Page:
A timer is an inexpensive investment that turns lights and other appliances on and off at regular intervals. Using a timer ensures that your garden will receive a controlled light period of the same duration every day.

Purchase a heavy-duty grounded timer with an adequate amperage and tungsten rating to meet your needs. Some

Fixing all wiring and electric devices to a control panel makes control and troubleshooting easy.

Attach ballasts to the wall so they are out ol the way in the garden.

timers have a different amperage rating for the switch; it is often lower than that of the timer. Timers that control more than one lamp are more expensive, because they require the entire force of electricity to pass through them. Many pre-wired timers are available at stores that sell HID lights.

How many lights (total watts) will the timer handle? If you are running more than 2000 or 3000 watts, you may want to attach the lamps to a relay, and control the relay with a timer. The advantage of a relay is it offers a path for more electricity without having to change the timer. There are numerous sophisticated timers on the market that will solve every last need you have.

Setting up the HID System -Step-by-Step

Step One: Before setting up the HID system, read "Setting Up the Crow Room" in Chapter Six, and complete the step-by-step instructions.

Step Two: Both the lamp and ballast radiate quite a bit of heat. Take care when positioning them, so they are not so close to plants or flammable walls and ceiling that they become hazardous. If the room has limited space with a low ceiling, place a protective, non-flammable material like metal between the lamp and ceiling to protect from heat. An exhaust fan will be necessary to keep things cool. It is most effective to place the remote ballast near the floor to keep things cool. Place it outside the grow room if the room is too hot When hanging the lamp on the overhead chain or pulley system, make sure electrical cords are unencumbered and not loo close to any heat source.

Step Three: Buy and use a good timer to keep the photoperiod consistent. A decent timer cosls from $20 to S30 and is worth its weight in buds!

Step Four: To plug in the HID lamp, it will be necessary to find the proper outlet. A 1000-watt HID lamp will use about 9,5 amperes (amps) of electricity on a regular 120-voll house current.

A typical home has a fuse box or a breaker box. Each fuse or breaker switch controls an electrical circuit in the home. The fuse or breaker switch will be rated for 15, 20, 25, 30, or 40-amp service. Circuits are considered overloaded when more than 80 percent of the amps are being used. (See: "Overload Chart" on page 212). The fuse will have its amp rating printed on its face, and the breaker switch will have its amp rating printed on the switch or on the breaker box, To find out which outlets are controlled by a fuse or breaker switch, remove the fuse or turn the breaker switch off. Test each and every outlet in the home to see which ones do not work. All the outlets that do not work are on the same circuit. All outlets that work are on another circuit. When you have found a circuit that has few or no lights, radios, TVs, stereos, etc., plugged into it, look at the circuits' amp rating. If it is rated for 15 amps, you can plug one 1000-watt HID into it. A leeway of 5.5 amps is there to cover any power surges. If the circuit is rated for 20 or more amps, it may be used for the 1000-watt HID and a few other low-amp appliances. To find out how many amps are drawn by each appliance, add up the number of total watts they use, and divide by 120.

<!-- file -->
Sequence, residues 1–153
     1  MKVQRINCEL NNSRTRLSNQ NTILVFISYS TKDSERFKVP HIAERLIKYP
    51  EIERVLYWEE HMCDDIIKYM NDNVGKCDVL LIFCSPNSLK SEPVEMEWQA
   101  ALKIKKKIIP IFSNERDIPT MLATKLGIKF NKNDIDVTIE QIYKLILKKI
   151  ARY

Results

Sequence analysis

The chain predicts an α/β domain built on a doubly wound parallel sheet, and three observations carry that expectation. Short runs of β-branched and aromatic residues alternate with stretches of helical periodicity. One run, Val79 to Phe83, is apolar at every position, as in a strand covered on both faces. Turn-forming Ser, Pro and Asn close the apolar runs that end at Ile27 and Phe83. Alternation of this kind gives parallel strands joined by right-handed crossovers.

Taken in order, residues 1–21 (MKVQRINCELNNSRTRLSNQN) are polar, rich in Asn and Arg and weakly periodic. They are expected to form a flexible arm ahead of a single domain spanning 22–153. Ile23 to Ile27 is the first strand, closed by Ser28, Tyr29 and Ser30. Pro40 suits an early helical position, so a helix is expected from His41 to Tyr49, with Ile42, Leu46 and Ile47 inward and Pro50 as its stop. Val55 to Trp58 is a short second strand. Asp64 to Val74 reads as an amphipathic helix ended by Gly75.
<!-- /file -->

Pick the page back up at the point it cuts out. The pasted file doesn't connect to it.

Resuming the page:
Never put a larger fuse in the fuse box than it is rated for. The fuse is the weakest link in the circuit. If a 20-amp fuse is placed into a 15-amp circuit, the fuse is able to conduct more electricity than the wiring. This causes wires to burn rather than the fuse. An overloaded circuit may result in a house fire.

Use an extension cord that is at least M-gauge wire or heavier if the plug will not reach the outlet desired. Thick 14-gauge extension cord is more difficult to find and may have to be constructed. Smaller 16- or 18-gauge cord will not conduct adequate electricity and will heat up, straining the entire system. Cut the M-gauge extension cord to the exact length. The further electricity travels, the weaker it gels and the more heat it produces, which also strains the system.

Step Five: Always use a three-prong grounded plug. If your home is not equipped with working three-prong grounded outlets, buy a three-prong grounded plug and outlet adapter. Attach the ground wire to a grounded ferrous metal object like a grounded metal pipe or heavy copper wire

causes light to he reflected unevenly, which creates "hot spots" and "cold spots" of light in the garden,

driven into the earth to form a ground, and screw the ground inlo the plug-in face. You wiil be working with water under and around the HID system, Water conducts electricity about as well as the human body.

Step Six: Once the proper circuit is selected, the socket and hood are mounted overhead, and the ballast is in place (but not plugged in), screw the HID bulb finger-tight into the socket. Make sure the bulb is secured in the socket tightly, but not too tight, and make certain there is a good connection. When secure, wipe off all smudges on the bulb to increase brightness.

Step Seven: Plug the three-prong plug into the timer that is in the OFF position. Plug the timer into the grounded outlet, set the timer at the desired photoperiod, and turn the timer on. Shazaml The ballast will hum; the lamp will flicker and slowly warm upr reaching full brilliance in about five minutes.

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